I took a position as quality assurance manager at a manufacturing plant early in my career. I had been doing product development and had turned down a quality manager position a couple of times. But, this was open and seemed like it could be good.

It took only a few days for me to discover W. Edwards Deming. 

I found myself battling:

  • The chief designer who specified the minimum specifications possible for materials;
  • The manufacturing engineer who bought tooling then washed his hands when they didn’t perform;
  • The purchasing manager who bought components and raw materials from the cheapest source;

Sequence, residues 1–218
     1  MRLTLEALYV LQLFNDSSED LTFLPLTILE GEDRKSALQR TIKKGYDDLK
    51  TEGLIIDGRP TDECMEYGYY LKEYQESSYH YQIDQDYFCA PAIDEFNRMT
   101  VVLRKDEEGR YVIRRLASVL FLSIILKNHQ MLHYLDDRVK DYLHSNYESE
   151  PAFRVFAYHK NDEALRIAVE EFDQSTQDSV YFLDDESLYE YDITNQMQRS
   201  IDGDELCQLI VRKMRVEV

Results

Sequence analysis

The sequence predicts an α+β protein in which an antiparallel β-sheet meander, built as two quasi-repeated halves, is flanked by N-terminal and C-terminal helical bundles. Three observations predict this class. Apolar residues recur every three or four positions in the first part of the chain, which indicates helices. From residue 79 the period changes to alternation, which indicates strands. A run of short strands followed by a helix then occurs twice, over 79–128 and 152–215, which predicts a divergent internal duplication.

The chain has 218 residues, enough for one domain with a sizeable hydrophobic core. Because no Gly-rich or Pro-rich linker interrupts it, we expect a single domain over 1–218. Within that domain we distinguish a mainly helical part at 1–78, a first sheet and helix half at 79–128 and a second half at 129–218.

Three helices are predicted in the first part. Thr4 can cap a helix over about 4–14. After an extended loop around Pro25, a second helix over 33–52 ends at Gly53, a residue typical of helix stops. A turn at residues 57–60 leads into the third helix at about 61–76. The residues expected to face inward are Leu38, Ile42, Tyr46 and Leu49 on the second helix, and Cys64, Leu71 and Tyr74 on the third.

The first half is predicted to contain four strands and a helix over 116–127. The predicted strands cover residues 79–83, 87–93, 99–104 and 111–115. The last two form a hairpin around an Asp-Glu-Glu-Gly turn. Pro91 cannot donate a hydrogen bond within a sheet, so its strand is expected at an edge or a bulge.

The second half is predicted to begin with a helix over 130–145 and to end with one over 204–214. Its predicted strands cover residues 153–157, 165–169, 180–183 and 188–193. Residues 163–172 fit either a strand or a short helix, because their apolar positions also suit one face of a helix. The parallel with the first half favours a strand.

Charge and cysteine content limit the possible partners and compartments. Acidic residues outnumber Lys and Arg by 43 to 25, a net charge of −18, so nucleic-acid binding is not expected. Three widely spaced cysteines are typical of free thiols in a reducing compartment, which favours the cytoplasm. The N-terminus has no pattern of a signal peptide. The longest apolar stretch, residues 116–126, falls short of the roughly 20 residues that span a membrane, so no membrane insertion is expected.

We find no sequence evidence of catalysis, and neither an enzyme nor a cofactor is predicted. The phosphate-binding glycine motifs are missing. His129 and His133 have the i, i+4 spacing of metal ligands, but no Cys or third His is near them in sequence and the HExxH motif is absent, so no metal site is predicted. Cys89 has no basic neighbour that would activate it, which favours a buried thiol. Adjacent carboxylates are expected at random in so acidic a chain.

• The general manager who overrode me when products from his good friend failed to meet spec;
  • People on the shop floor who wanted to do a good job versus a system that confounded them.

I lasted a year, then I found a position elsewhere in product development and engineering.

These memories came flooding back to me when I read that the official Boeing response to yet more problems with the 737 Max program was to do more inspections.

Oh, for crying out loud! From what I’ve read, the source of the problems with the system and program management was the CEO’s office. The board needs to begin fixing things at the root. And then bring in someone strong in a power position to change the system. It doesn’t take a genius to see where shortcuts were taken along the line in order to get production (and sales) ramped up.

You don’t achieve quality from inspection. At that point, it is too late. Fix the system. Advice from 45 years ago.

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